Hervey Bay's Kathryn Wilkes
Hervey Bay's Kathryn Wilkes Mike Knott BUN210119BILL5

Anti-card activist asked to back up campaign claims

SHE has devoted years of her life to fighting the Cashless Debit Card - even though she's not on it and likely never will be.

Kathryn Wilkes, a Hervey Bay disability support pensioner, spends much of her time managing the 15 Facebook pages she's created to the fight against the card. The Australia-wide page has almost 7000 members and one for Hinkler residents 2192.

Ms Wilkes also started an online petition that has more than 3000 signatures, aimed at ending the trials.

She believes about two thirds of those on the page are Hervey Bay and Bundaberg residents, while people from other areas have also joined.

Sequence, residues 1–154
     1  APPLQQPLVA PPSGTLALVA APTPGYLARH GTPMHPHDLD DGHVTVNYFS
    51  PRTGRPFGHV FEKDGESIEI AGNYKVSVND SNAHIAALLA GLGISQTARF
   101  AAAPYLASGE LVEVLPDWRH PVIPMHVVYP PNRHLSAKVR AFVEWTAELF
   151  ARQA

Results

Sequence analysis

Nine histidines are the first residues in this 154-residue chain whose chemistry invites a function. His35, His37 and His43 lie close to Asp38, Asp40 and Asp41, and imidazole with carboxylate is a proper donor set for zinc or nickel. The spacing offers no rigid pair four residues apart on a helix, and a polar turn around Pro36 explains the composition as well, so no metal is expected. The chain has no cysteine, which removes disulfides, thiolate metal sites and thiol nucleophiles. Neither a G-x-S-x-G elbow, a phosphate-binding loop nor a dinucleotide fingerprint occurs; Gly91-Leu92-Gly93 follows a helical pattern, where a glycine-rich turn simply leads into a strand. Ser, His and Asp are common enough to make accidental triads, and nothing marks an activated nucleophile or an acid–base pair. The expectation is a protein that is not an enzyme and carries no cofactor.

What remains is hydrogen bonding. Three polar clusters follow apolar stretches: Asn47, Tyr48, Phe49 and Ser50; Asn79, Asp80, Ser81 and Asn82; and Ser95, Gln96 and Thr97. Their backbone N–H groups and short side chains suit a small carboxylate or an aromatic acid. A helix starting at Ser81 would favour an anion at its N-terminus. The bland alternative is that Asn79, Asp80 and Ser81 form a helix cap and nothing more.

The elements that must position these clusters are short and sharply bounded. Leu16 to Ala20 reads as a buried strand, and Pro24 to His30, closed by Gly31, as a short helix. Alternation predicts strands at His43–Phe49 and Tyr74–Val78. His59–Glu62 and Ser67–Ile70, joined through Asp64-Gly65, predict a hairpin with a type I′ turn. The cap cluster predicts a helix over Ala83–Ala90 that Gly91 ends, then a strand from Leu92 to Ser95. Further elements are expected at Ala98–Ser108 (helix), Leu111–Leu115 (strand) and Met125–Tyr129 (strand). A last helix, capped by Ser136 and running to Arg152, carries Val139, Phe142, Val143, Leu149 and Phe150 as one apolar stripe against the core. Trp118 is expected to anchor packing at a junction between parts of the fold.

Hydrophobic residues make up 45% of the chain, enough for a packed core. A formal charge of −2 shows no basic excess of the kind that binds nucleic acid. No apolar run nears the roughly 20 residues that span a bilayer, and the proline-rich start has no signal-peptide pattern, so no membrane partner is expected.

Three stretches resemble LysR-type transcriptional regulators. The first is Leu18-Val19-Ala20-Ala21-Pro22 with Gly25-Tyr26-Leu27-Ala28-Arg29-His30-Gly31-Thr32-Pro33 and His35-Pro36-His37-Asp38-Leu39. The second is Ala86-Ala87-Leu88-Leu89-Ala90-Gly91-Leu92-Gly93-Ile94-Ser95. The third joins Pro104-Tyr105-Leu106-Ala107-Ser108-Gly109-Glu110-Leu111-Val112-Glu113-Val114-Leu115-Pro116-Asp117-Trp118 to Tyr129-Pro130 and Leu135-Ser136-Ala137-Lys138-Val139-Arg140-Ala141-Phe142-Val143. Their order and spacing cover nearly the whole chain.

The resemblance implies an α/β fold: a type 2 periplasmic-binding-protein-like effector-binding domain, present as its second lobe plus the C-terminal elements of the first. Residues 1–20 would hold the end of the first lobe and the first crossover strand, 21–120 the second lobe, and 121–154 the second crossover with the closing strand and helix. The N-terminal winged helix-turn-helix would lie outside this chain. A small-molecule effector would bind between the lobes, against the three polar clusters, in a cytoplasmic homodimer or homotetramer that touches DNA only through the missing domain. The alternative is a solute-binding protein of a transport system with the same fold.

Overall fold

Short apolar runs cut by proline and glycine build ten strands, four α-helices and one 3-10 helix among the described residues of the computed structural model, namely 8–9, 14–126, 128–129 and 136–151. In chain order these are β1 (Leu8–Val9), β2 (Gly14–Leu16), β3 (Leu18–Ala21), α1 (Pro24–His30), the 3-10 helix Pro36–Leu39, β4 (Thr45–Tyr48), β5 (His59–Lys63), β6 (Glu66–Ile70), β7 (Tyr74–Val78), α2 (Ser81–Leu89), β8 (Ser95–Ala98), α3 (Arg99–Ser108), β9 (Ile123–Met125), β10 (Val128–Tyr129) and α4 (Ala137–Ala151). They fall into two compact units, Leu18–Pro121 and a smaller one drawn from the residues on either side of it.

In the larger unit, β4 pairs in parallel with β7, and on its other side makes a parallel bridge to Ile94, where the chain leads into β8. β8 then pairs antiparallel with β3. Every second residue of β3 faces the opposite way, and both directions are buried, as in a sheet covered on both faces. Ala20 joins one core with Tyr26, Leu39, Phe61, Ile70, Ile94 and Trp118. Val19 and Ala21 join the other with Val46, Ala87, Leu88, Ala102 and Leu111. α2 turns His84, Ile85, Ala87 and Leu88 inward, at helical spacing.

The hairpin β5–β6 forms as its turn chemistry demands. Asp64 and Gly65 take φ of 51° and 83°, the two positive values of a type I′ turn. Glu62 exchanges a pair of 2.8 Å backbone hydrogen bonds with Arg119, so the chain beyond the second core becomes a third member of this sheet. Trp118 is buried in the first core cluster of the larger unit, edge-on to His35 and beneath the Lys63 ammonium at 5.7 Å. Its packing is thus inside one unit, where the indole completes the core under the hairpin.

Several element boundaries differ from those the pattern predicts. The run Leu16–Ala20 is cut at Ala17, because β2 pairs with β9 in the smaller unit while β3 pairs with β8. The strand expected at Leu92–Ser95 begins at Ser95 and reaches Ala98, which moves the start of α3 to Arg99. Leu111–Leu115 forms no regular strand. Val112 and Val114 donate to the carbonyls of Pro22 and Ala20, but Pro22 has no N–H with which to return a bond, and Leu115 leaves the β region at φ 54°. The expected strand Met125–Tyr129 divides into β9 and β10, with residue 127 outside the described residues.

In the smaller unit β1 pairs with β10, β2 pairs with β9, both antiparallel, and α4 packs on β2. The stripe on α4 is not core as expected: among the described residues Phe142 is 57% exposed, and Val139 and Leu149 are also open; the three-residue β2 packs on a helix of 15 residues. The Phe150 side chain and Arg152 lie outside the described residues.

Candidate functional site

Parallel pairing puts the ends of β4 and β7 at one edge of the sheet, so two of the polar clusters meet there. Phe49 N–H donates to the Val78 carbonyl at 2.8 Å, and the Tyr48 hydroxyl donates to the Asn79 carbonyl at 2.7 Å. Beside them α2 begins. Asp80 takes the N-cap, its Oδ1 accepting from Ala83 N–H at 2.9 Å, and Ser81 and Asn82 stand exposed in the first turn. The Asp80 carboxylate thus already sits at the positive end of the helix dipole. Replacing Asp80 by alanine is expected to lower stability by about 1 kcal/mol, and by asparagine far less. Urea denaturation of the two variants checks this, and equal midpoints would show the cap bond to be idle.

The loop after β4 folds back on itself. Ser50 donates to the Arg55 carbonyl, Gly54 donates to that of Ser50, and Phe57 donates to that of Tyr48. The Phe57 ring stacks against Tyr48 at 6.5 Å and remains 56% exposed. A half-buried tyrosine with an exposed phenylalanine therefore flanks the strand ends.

The Hinkler page has a cover photo detailing the concerns of those who oppose the card, fearing it could lead to homelessness, suicide and social exclusion.

But the massive social upheaval predicted and still claimed on these pages has been dismissed as propaganda by supporters of the cashless card.

Asked whether there was proof the card had led to such extremes, Ms Wilkes said she had been in touch with a family that had been made homeless after being unable to pay their rent and another woman who had made a suicide attempt in part because of the stress of being on the card.

The woman has since been removed from the trial on compassionate grounds, Ms Wilkes said.

She said often people did not want to speak on the record about the cashless card because they were too embarrassed.

"I wish more would come out," she said.

Twice she has visited Canberra to take on politicians.

"It impacts on people's autonomy, human rights and freedom," she said.

"I wanted to give a voice to those who were not being heard."

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